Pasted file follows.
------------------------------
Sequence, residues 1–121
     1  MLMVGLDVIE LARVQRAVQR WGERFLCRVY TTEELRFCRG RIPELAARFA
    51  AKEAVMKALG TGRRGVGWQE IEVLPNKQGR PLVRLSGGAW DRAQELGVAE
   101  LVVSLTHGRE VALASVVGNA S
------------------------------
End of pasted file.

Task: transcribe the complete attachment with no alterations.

Sequence, residues 1–121
     1  MLMVGLDVIE LARVQRAVQR WGERFLCRVY TTEELRFCRG RIPELAARFA
    51  AKEAVMKALG TGRRGVGWQE IEVLPNKQGR PLVRLSGGAW DRAQELGVAE
   101  LVVSLTHGRE VALASVVGNA S